I love old homes. There is something comforting about something that’s been there for a long time. It gives you a sense of permanence. Not to mention, they charm your socks off every time you walk past them. But living in a historic home comes with its own challenges, especially when it comes time to remodel. But have no fear, y’all. My dos and don’ts of renovating a historic home are here!
Check Local Ordinances
Here’s the thing about living in a historic home—it’s not a house, it’s a national treasure. Because of that, your community may have rules about what you can and can’t do when renovating your historic home. For example, they may be fine with you fixing the cracked paint, but they may be touchy about you knocking out some walls for a very non-Victorian open floor plan. Call up city hall before touching any hammers.
Update Old Electrical and Plumbing
This is the one not-so-charming thing about historic housing. Pipes are prone to burst in the winter, and the electricity may go out if you turn on a hair dryer. And I like my hair dryer. If your house’s electricity and plumbing aren’t up to snuff, you’ll want to take care of that. Otherwise, you’re just asking for a fire hazard or flooding.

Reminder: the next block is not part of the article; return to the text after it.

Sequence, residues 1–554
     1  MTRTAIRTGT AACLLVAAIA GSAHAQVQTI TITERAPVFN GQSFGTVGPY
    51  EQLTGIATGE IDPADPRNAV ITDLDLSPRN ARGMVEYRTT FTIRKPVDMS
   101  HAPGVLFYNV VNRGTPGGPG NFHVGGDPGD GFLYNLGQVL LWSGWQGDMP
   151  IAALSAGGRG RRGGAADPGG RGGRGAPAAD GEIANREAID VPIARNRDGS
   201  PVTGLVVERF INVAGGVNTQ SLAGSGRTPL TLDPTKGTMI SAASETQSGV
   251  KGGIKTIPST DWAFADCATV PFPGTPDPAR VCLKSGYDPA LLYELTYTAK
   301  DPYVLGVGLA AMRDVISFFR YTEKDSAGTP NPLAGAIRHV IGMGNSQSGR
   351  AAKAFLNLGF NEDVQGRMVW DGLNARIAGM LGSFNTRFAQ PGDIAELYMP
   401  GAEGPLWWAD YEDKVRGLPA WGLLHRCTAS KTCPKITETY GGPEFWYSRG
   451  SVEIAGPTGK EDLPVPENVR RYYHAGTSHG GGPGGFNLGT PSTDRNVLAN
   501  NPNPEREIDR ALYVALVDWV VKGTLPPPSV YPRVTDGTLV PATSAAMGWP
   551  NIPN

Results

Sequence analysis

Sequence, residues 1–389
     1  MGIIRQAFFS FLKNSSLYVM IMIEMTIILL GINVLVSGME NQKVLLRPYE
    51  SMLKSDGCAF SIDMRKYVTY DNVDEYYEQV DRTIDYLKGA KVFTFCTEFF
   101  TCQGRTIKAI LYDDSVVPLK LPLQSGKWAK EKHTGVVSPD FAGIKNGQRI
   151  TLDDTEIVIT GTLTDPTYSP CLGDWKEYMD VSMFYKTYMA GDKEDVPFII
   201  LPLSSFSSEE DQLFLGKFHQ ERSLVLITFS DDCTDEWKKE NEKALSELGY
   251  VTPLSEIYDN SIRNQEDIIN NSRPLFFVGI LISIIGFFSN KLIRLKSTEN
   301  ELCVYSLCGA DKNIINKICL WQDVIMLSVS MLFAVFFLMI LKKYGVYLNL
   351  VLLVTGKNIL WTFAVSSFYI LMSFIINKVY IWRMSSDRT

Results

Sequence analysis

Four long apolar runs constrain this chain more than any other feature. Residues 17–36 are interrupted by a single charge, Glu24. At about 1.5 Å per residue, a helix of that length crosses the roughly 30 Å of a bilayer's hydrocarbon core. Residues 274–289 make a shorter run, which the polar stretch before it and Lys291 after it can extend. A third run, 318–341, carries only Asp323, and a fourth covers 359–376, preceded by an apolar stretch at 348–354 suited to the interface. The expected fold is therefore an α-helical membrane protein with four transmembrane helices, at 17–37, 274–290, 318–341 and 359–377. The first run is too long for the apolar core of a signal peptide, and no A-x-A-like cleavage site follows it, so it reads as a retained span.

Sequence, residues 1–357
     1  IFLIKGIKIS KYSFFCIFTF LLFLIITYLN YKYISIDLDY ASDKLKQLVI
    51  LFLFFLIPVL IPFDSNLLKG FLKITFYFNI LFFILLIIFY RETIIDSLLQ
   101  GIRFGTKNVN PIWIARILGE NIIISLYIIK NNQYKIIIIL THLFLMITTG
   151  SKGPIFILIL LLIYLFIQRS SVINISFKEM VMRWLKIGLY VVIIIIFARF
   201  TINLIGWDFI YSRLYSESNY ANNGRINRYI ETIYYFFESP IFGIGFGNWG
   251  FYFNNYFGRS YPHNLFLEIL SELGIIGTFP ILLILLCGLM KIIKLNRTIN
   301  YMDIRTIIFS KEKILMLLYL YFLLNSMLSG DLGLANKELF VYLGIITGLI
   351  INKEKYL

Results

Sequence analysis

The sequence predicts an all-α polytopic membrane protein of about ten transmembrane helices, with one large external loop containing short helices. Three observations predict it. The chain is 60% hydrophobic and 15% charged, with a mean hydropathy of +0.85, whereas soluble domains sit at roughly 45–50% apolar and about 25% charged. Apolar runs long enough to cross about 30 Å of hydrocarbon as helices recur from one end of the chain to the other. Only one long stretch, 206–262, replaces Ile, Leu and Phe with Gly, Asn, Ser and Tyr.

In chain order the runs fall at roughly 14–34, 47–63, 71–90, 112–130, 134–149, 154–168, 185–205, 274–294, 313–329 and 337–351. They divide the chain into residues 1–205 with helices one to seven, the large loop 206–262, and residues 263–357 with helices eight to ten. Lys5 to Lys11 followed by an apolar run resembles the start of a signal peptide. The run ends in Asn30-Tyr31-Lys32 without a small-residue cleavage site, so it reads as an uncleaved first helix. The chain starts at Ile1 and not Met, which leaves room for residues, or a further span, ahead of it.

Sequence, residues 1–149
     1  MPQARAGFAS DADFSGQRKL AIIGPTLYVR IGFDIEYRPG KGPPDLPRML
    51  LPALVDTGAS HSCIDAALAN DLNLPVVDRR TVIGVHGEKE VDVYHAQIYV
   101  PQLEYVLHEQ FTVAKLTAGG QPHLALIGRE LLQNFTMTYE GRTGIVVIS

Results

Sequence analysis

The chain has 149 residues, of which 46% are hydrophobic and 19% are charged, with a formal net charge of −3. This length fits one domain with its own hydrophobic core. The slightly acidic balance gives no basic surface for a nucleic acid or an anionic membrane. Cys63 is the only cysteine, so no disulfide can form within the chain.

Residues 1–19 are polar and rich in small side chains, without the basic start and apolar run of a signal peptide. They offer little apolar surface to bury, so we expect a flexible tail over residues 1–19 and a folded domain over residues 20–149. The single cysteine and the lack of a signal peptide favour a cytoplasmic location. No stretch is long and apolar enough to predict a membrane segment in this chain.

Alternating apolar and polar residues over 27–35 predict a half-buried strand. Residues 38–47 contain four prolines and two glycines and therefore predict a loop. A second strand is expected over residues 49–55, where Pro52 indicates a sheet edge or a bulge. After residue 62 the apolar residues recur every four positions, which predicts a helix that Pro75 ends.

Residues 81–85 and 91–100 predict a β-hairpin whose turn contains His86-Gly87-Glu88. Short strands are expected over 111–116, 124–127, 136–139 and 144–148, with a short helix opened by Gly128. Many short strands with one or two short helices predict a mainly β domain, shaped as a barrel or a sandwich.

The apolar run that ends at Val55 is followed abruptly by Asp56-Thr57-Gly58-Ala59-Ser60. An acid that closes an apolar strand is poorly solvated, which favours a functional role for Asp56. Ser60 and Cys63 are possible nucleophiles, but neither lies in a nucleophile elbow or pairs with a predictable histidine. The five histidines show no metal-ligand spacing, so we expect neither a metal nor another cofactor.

DIY Things You Shouldn’t DIY
Nothing is more satisfying than rolling up your sleeves and taking care of a job yourself (other than a snuggle on the couch with my pooch). It saves a boatload of money. But messing up a remodeling job costs more money than calling a contractor in the first place. And y’all might damage an irreplaceable part of history. Take a sober assessment of your skills before electing to DIY something.
Bury Your House’s Character
I’m not saying y’all have to pick old-timey floral furniture and leave up the decrepit wallpaper. But when you sit down to plan out what you want your home to look like, don’t forget where your house came from. Embrace the sweeping architecture of yesteryear or the woodwork that made you love your house in the first place. Remember, your home is a national treasure. Embrace it!